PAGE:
1844, "to act as an optimist, take the most hopeful view of a matter," a back-formation from optimist. Meaning "to make the most of, develop to the utmost" is attested by 1857. Related: Optimized; optimizing.
mid-13c., muk, "animal or human excrement; cow dung and vegetable matter spread as manure," from a Scandinavian source such as Old Norse myki, mykr "cow dung," Danish møg; from Proto-Germanic *muk-, *meuk- "soft," which is perhaps related to Old English meox "dung, filth" (see mash (n.)). Meaning "unclean matter generally" is from c. 1300; that of "wet, slimy mess" is by 1766. Muck-sweat "profuse sweat" is attested from 1690s.
c. 1400, from Old French loialte, leaute "loyalty, fidelity; legitimacy; honesty; good quality" (Modern French loyauté), from loial (see loyal). The Medieval Latin word was legalitas. The earlier Middle English form was leaute (mid-13c.), from the older French form. Loyalty oath first attested 1852.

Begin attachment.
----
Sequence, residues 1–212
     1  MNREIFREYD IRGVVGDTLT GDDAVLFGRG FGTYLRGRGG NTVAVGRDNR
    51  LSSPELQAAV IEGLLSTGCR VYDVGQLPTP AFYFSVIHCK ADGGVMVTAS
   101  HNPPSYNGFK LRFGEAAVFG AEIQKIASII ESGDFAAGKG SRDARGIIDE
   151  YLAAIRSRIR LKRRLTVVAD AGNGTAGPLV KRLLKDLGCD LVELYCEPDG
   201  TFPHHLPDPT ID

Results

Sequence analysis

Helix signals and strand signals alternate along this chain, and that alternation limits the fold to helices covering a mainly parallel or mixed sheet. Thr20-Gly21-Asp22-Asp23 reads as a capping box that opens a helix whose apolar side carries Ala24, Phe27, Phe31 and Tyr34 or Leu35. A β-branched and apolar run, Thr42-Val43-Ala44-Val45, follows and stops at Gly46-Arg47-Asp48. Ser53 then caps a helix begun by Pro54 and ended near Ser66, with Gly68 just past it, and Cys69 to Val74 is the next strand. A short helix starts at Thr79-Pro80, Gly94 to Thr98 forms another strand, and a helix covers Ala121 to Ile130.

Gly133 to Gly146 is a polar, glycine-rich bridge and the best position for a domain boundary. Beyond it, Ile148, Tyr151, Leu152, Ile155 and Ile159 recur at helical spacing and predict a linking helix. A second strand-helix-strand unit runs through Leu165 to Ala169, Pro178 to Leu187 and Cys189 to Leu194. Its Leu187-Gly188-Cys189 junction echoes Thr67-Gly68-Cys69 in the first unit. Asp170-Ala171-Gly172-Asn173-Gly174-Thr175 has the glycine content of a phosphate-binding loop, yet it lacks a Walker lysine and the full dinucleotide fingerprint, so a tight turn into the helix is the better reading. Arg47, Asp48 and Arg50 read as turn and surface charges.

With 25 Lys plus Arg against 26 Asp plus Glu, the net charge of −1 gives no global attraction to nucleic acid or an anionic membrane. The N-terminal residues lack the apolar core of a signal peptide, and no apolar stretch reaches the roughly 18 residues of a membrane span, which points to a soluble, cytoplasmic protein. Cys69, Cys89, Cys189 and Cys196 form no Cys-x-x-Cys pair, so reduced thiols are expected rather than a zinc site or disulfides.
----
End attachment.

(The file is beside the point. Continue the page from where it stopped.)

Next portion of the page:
Allegiance ... is a matter of principle, and applies especially to conduct; the oath of allegiance covers conduct only. Loyalty is a matter of both principle and sentiment, conduct and feeling; it implies enthusiasm and devotion .... [Century Dictionary, 1897]
c. 1400, coagulacioun, "act of changing from a fluid to a thickened state," from Latin coagulationem (nominative coagulatio), noun of action from past participle stem of coagulare "cause to curdle" (see coagulate). Meaning "mass or quantity of coagulated matter" is from 1660s.